Why Go To Milwaukee
Because Milwaukee sits almost 100 miles from the great city of Chicago, you might wonder if Wisconsin's largest city is worth the extra journey north? But it is. Sitting on the banks of mighty Lake Michigan, Milwaukee is picturesque. You'll find that many of its 95 miles of bike lanes skirt the scenic waterfront. Plus, the city is into the finer things — craft beer, for instance. And while we're on the topic, did you know that Milwaukee is a major beer-producing city? Miller (now MillerCoors) and Pabst Blue Ribbon both got their start here. So did those epic Harley-Davidson motorcycles, examples of which can be found at the Harley-Davidson Museum. The city also boasts loads of ethnic restaurants, and independent shops will plant permanent smiles on culture hounds' faces. (And, in our opinion, these local shops are better than the sleek storefronts along Chi-town's Magnificent Mile any day.)
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What You Need to Know
- Water surrounds you Sitting alongside Lake Michigan's western shore and at the confluence of three rivers (the Menomonee, the Milwaukee and the Kinnickinnic), this sprawling Wisconsin city begs visitors to embrace its aquatic setting. If you want to blend in with the locals, get out and enjoy the ambience of Milwaukee's RiverWalk or take to the water with a rented kayak or paddleboard.
- Temperatures drastically drop in winter Because of its northern location and proximity to Lake Michigan, Milwaukee's temperatures rapidly plummet come winter. Average temps often dip into the teens and 20s and are made worse by strong winds. If you plan to visit in winter, bundle up with an insulated coat, a reliable pair of gloves and a warm hat.
- It's a foodie city Much like nearby Chicago, this Midwestern city is all about food. And with 38 percent of its residents claiming German ancestry and almost 13 percent having ties to Poland, it's no wonder Milwaukee residents have grown fond of traditional European cuisine like sausage, beer and cheese.
How to Save Money in Milwaukee
- Take the trolley With parking garage fees ranging from a few bucks to more than $20 per day, driving around the city can quickly add up. To avoid excessive transportation fees, ditch the car and opt for a ride on the Milwaukee Trolley Loop. This trolley makes stops near all of the city's major attractions and costs just $1 per ride.
- Take advantage of discounted museum tickets Many of Milwaukee's museums like the Milwaukee Public Museum and the Milwaukee Art Museum, offer free visits during specific days of the week or month. Others, like the Harley-Davidson Museum, feature discounted rates on select days. Plan your itinerary accordingly to save some coin.
- Drink for free A visit to Milwaukee wouldn't be complete without sipping on some top-notch beer. While the city offers some superb paid brewery tours (think Lakefront Brewery), it also allows visitors to try out some local brews for free. Check out the brewery tours at MillerCoors, which last about an hour and include three samples of beer.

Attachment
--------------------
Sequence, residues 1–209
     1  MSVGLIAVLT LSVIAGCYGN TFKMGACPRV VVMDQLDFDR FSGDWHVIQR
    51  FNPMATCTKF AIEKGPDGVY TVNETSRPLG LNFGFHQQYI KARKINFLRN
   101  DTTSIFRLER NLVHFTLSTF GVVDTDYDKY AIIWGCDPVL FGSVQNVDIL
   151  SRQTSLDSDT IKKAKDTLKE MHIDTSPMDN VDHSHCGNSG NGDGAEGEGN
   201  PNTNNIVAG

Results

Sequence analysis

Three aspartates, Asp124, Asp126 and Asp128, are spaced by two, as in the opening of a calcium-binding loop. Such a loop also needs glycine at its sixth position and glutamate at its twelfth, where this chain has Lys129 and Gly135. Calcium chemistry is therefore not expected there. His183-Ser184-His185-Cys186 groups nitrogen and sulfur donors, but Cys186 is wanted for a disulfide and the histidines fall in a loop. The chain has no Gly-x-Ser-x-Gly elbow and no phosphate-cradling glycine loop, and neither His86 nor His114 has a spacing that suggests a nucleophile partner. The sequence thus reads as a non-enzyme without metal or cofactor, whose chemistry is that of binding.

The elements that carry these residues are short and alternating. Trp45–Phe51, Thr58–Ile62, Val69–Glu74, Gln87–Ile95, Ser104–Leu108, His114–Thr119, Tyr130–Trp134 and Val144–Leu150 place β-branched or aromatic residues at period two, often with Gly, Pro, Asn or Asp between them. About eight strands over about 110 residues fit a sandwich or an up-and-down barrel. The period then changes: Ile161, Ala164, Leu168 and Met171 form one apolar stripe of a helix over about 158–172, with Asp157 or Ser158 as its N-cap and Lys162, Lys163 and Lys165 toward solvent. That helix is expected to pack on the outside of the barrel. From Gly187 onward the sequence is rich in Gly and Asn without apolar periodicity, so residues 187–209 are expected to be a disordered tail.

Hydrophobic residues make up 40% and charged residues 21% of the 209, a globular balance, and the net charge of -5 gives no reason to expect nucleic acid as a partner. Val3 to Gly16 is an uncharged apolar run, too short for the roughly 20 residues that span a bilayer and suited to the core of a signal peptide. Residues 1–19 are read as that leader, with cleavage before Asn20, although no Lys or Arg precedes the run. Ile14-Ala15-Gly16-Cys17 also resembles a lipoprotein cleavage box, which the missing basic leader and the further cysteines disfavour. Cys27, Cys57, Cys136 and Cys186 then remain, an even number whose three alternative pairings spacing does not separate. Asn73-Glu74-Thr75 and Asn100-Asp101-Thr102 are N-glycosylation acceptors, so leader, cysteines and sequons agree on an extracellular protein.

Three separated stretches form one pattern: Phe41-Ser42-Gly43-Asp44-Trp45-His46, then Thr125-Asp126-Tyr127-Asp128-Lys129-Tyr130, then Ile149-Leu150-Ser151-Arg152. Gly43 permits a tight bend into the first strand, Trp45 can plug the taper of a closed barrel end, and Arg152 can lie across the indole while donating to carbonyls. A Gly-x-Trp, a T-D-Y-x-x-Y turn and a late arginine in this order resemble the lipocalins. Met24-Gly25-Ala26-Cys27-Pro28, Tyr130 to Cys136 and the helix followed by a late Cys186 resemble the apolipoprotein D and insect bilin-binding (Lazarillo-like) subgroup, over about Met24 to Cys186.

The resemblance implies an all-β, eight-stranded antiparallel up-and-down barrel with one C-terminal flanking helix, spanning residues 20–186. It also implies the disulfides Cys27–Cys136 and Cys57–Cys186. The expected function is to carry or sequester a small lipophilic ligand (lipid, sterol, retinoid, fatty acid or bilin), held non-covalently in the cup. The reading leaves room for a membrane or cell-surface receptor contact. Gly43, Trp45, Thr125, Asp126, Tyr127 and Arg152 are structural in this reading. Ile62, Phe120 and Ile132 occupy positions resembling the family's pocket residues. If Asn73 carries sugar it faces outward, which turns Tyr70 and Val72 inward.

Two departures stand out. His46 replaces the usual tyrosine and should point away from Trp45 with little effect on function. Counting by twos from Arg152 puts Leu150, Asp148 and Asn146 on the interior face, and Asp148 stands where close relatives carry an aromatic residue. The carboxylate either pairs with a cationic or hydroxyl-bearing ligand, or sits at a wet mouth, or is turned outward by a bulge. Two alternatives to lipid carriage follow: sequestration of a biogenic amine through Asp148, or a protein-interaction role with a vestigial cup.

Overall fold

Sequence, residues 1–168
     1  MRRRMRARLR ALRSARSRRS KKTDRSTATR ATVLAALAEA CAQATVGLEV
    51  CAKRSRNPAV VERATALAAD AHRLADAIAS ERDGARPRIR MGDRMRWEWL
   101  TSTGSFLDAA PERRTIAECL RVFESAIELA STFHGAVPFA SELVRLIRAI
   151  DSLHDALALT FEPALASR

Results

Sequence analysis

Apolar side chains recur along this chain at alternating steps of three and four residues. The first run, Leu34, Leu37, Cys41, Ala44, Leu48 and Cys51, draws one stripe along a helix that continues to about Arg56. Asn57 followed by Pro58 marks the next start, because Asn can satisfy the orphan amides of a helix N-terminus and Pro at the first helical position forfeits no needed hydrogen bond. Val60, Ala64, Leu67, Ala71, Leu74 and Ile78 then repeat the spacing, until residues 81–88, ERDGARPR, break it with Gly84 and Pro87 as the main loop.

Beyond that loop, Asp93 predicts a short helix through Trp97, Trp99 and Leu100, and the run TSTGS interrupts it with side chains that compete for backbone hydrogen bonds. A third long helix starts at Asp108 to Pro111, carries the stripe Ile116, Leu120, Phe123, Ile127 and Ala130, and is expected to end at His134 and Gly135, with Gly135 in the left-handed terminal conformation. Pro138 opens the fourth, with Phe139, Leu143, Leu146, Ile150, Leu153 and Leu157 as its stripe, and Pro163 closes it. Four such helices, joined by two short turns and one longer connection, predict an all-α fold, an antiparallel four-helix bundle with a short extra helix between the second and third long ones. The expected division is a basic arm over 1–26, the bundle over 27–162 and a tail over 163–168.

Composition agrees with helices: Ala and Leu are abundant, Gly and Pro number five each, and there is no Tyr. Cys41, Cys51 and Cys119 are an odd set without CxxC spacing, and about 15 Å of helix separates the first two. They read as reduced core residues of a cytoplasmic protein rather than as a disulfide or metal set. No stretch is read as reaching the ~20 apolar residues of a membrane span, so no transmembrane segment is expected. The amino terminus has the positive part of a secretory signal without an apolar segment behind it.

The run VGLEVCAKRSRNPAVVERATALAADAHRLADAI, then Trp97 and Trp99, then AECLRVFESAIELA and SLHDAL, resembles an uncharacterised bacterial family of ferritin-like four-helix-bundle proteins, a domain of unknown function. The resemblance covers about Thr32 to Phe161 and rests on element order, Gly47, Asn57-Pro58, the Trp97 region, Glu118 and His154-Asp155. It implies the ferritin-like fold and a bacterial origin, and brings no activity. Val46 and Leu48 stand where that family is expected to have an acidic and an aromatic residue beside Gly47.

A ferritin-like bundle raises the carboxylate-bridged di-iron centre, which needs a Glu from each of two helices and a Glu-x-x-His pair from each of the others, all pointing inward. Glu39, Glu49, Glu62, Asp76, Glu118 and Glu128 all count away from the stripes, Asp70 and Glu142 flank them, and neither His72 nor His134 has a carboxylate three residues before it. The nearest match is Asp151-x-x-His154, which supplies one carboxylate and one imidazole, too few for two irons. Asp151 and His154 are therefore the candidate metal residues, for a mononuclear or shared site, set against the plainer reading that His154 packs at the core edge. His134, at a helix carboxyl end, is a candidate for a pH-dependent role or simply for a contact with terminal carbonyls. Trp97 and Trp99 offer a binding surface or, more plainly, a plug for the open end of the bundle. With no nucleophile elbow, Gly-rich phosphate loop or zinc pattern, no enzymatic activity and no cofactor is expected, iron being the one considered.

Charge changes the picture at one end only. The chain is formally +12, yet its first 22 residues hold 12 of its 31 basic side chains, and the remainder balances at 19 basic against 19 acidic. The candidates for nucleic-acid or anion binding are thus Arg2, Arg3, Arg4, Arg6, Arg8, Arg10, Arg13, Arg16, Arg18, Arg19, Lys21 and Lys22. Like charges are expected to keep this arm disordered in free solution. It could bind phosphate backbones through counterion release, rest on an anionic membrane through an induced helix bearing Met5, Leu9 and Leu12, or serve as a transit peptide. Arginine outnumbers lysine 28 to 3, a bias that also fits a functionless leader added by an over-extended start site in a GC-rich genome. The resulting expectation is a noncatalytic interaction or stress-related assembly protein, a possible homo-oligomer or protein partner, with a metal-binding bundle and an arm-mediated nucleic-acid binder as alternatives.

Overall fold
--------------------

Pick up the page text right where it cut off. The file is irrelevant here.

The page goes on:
What to Eat
From hearty comfort classics to authentic German beers and Polish fare, Milwaukee offers plenty of filling dining options to help you get through notoriously cold Midwestern winters. To start, try a world famous Usinger's bratwurst on downtown Milwaukee's Old World Third Street. Afterward, wash it down with a cold pint at one of several traditional German restaurants, including Mader's and Old German Beer Hall.
And for those looking for classic American fare, there are plenty of eateries specializing in just that. Outside of downtown Milwaukee in the Southgate neighborhood, diners can indulge in a homemade frozen custard and a sloppy joe-style hamburger at Leon's Frozen Custard Drive-In. Should you crave an American-style breakfast (with some Old World flair), stroll over to Blue's Egg — which sits 6 miles west of downtown Milwaukee. And when you're looking for an upscale twist on American comfort food, slow down and enjoy a seven-course meal at Sanford Restaurant. In addition to entree options like a chargrilled elk loin and citrus seared Alaskan halibut, diners can also savor internationally inspired dishes, such as lamb kefta and orange creme brulee.
But a visit to the largest city in Milwaukee would not be complete without sampling some of the region's delectable cheeses. Although the state proudly produces nearly 3 billion pounds of cheese (which equates to 25 percent of America's cheese production) annually, in Milwaukee, it's all about the cheese curds. These tasty morsels can be found at a number of Milwaukee restaurants and cheese shops, including Wisconsin Cheese Mart in Westown and West Allis Cheese and Sausage Shoppe in the Historic Third Ward.
Spanning more than 20 blocks of prime waterfront real estate, the Milwaukee RiverWalk offers plenty of shops, restaurants, bars and art galleries for visitors to explore.
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